The 2021-22 NHL season starts Oct. 12. With training camps open, NHL.com is taking a look at the three keys, the inside scoop on roster questions, and the projected lineup for each of the 32 teams. Today, the San Jose Sharks.
Coach: Bob Boughner (third season)
Last season: 21-28-7; seventh in Honda West Division, did not qualify for Stanley Cup Playoffs
1. Hertl watch
Tomas Hertl‘s future will be influenced by how the Sharks perform with the 27-year-old forward in the final season of a four-year contract. San Jose has missed the Stanley Cup Playoffs the past two seasons after qualifying in 14 of the previous 15 and may look to deal him ahead of the 2022 NHL Trade Deadline on March 21 if it’s out of contention.
Hertl can be an unrestricted free agent after this season and said Sept. 24 he is open to taking less money to stay with the Sharks if they’re in position to win. He’s scored 323 points (151 goals, 172 assists) in 503 regular-season games, 42 points (24 goals, 18 assists) in 62 playoff games and helped San Jose reach the 2016 Stanley Cup Final, a six-game loss to the Pittsburgh Penguins.
“I like that idea,” Hertl said. “You can go somewhere else, sign the maximum, maybe even too much, but you’re losing for the next eight years. I don’t want to be in this position.”
The Sharks are deciding between Adin Hill and James Reimer, if not a timeshare, and hope the goaltending will be better than the past three seasons when they finished either 30th or 31st in team save percentage. Hill was acquired in a trade with the Arizona Coyotes on July 17. The 25-year-old signed a two-year contract Aug. 4 to avoid an NHL salary arbitration hearing after going 9-9-1 with a 2.74 goals-against average, .913 save percentage and two shutouts in an NHL career-high 19 games (17 starts) last season. Reimer is an 11-season NHL veteran signed to one-year contract July 28. He was 15-5-2 with a 2.66 GAA and .906 save percentage in 22 games (21 starts) for the Carolina Hurricanes last season.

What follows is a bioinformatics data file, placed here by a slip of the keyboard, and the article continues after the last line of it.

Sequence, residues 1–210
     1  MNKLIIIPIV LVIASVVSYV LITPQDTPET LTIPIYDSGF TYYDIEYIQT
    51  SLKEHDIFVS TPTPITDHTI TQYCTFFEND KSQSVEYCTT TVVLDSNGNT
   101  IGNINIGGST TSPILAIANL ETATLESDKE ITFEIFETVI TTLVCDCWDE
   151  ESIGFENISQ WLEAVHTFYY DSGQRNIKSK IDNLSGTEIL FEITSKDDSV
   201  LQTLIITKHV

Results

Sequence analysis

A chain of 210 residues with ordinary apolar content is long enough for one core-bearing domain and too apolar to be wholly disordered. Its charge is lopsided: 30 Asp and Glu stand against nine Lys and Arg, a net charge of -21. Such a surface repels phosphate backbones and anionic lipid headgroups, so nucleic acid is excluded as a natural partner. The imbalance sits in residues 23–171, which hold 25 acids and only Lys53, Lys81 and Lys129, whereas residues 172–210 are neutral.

“They’re both aggressive goalies and they’re both fighters in the net,” Boughner said. “I’m not saying we didn’t have that before, but I think that energy and that presence of battling and fighting for every puck, fighting through traffic and things like that… I think that’s going to help us.”
Forwards Nick Bonino and Andrew Cogliano were signed to bring a work ethic Boughner said he hopes spreads to the rest of the Sharks. Bonino has clout as a 12-season NHL veteran and two-time Stanley Cup champion with the Penguins (2016, 2017). Cogliano has played 100 postseason games and was with the Dallas Stars for a six-game loss to the Tampa Bay Lightning in the 2020 Stanley Cup Final.
Dylan Gambrell could be the fourth-line center. He earned trust defensively and killing penalties to get a one-year contract July 15 that prevented him from becoming a restricted free agent. He’s competing with Lane Pederson (trade with Coyotes) and Nick Merkley (trade with New Jersey Devils), the latter a right wing capable of playing center.
Most intriguing addition
Bonino provides character and an ability to win face-offs (52.8 percent for the Minnesota Wild last season). That should be a boost for the Sharks who were 24th in the NHL, winning 48.4 percent of their face-offs in 2020-21. He provides ideal support as the center on the third line behind Hertl and captain Logan Couture.
Biggest potential surprise
Mario Ferraro is a maturing 23-year-old defenseman whose average time on ice last season increased to 22:26 per game in 56 games from 15:53 in 61 as a rookie. If Ferraro can flourish in a greater role, it will reduce the load on Brent Burns, 36; Marc-Edouard Vlasic, 34; and Erik Karlsson, 31.
Ready to break through
John Leonard can be the catalyst on an offense that was 25th in scoring (2.61 goals per game) and 29th on the power play (14.1 percent) last season, and without a player who’s scored at least 30 goals or 50 points since 2018-19. The 23-year-old forward scored 13 points (three goals, 10 assists) in 44 games as a rookie after leading the NCAA with 27 goals as a junior at the University of Massachusetts and becoming a top 10 finalist for the 2020 Hobey Baker Award, given annually to the top men’s player in NCAA Division I ice hockey.
Forward Alexander Barabanov (undrafted on average in fantasy) scored seven points (three goals, four assists) in nine games for the Sharks last season after being acquired from the Toronto Maple Leafs. Barabanov played on the top line with valuable center Hertl down the stretch and has sneaky upside in deep leagues or off the waiver wire, especially with a chance to earn a first power-play role. — Pete Jensen
Evander Kane — Logan Couture — Kevin Labanc
Timo Meier — Tomas Hertl — Alexander Barabanov
John Leonard — Nick Bonino — Rudolfs Balcers
Andrew Cogliano — Dylan Gambrell — Matt Nieto
Mario Ferraro — Brent Burns
Nikolai Knyzhov — Erik Karlsson
Radim Simek — Marc-Edouard Vlasic
NHL.com independent correspondent Chelena Goldman contributed to this report